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Scott Mollen

Commercial Landlord-Tenant—Tenant Violated lease by Operating Unlicensed Catering Facility and Created a Public or Private Nuisance—Events With Large Gatherings During Pandemic Created Public Health Hazard—Tenant Also Defaulted on Rent Obligation—Defense Witness Testified There Was No Alcohol Served or Brought in to Weddings, Engagement Parties or Super Bowl Parties Held at the Premises—Defendant Must Have Thought That the Judge “Just fell of the proverbial turnip truck”

A landlord and a tenant entered into a lease for a five-year term. The permitted use was for “a restaurant.” The tenant, in addition to paying a monthly rent of $4,000.00, was to be responsible for real estate taxes, late fees “in the amount of 10 percent of the monthly rent,” as well as legal fees if the tenant defaulted and the landlord was required to commence or defend an action or proceeding resulting from the default.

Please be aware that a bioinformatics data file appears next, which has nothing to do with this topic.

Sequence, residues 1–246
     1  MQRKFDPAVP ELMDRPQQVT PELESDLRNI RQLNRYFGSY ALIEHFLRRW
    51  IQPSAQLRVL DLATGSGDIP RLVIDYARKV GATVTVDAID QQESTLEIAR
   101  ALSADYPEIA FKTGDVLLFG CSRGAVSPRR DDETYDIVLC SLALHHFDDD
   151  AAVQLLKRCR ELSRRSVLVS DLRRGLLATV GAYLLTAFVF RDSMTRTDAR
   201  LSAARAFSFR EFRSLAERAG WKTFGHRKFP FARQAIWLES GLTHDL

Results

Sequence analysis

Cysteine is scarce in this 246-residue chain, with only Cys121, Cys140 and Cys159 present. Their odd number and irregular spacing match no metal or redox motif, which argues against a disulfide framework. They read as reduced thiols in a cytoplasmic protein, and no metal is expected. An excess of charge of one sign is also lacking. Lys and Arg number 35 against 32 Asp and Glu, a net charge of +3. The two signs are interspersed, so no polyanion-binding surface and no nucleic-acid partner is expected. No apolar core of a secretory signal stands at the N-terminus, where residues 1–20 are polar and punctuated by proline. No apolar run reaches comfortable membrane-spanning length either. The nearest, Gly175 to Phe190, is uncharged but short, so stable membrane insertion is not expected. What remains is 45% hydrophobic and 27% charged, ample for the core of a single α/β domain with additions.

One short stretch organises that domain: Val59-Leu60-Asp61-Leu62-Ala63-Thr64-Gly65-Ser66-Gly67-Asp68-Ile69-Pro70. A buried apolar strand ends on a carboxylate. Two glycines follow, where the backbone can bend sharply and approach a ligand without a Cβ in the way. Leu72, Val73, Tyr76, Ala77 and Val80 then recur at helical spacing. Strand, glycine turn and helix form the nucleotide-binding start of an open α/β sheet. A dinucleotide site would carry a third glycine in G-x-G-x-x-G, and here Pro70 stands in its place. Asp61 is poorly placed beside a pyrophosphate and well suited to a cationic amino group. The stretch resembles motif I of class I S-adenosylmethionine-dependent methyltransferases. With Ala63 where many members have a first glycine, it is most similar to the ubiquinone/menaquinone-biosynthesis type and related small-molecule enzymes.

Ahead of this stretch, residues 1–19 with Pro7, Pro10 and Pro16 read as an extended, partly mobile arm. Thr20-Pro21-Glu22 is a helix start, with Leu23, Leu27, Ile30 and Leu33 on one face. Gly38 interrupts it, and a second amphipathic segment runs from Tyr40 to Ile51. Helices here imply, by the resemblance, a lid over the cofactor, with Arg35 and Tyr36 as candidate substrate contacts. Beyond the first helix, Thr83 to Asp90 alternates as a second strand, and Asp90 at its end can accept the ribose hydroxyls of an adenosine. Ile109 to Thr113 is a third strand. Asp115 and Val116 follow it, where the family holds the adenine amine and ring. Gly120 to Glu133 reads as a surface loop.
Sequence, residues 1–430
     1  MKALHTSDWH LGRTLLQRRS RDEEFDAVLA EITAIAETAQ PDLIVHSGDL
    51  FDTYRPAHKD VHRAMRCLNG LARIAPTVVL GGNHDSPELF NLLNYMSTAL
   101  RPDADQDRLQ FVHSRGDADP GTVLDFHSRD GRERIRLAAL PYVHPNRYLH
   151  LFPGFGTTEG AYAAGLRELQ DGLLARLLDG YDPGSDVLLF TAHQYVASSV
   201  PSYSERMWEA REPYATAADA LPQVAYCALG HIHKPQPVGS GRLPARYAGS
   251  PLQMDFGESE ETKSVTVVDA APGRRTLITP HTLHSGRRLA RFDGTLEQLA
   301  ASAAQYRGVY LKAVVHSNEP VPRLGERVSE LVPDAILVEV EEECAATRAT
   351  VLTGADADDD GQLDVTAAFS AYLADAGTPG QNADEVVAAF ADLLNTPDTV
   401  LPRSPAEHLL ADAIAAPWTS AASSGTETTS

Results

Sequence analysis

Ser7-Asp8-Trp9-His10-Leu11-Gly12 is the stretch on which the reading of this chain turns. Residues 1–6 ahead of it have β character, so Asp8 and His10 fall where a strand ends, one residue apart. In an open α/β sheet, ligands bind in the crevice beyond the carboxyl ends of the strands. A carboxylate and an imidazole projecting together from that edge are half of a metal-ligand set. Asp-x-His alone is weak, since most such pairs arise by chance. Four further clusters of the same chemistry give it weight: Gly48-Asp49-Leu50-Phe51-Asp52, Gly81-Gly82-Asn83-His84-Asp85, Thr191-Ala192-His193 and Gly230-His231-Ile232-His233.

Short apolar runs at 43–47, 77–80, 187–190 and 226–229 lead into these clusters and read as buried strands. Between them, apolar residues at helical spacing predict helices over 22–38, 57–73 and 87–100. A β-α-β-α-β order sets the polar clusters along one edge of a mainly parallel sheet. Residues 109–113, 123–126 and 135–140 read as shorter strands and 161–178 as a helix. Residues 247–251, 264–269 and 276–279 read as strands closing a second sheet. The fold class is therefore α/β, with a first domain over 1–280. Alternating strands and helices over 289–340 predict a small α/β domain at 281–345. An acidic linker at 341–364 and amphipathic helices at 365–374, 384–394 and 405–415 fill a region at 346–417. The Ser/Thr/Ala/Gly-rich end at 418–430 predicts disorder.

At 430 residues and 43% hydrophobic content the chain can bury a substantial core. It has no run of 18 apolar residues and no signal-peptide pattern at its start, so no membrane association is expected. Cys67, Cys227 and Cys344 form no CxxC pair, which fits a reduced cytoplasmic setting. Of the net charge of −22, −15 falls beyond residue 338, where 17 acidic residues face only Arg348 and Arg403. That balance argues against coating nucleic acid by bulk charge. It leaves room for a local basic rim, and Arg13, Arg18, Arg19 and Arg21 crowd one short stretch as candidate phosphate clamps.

The landlord alleged that the tenant had utilized the premises as an event space within which to host various parties and large gatherings” in violation of the lease use provision, which provided for restaurant use. The landlord asserted that the tenant’s use was “tantamount to an unauthorized sublet.” The landlord further alleged that the tenant failed to comply with legal requirements applicable to its use, that the tenant failed to vacate after expiration of deadlines set forth in predicate notices and that the tenant had failed to cure the lease violations.

The landlord had commenced a summary eviction holdover proceeding. The tenant asserted numerous affirmative defenses which were “mainly devoid of facts and based upon alleged procedural deficiencies.” At trial, the court found that the tenant’s alleged improper conduct continued post-petition. The court described such activities as “a continuing pattern of practice.”

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